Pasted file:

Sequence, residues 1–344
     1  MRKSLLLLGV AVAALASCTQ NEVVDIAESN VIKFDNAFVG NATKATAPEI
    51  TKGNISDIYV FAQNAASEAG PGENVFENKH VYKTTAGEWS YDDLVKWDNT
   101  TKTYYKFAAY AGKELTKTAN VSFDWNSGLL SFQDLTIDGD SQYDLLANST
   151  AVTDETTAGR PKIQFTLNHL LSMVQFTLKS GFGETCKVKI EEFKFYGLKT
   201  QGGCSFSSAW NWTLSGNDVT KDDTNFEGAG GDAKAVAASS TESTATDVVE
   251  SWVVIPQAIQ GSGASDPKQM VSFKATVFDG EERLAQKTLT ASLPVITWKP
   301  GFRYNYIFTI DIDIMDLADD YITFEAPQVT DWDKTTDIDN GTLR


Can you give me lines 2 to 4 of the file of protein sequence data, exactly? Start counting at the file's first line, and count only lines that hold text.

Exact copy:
     1  MRKSLLLLGV AVAALASCTQ NEVVDIAESN VIKFDNAFVG NATKATAPEI
    51  TKGNISDIYV FAQNAASEAG PGENVFENKH VYKTTAGEWS YDDLVKWDNT
   101  TKTYYKFAAY AGKELTKTAN VSFDWNSGLL SFQDLTIDGD SQYDLLANST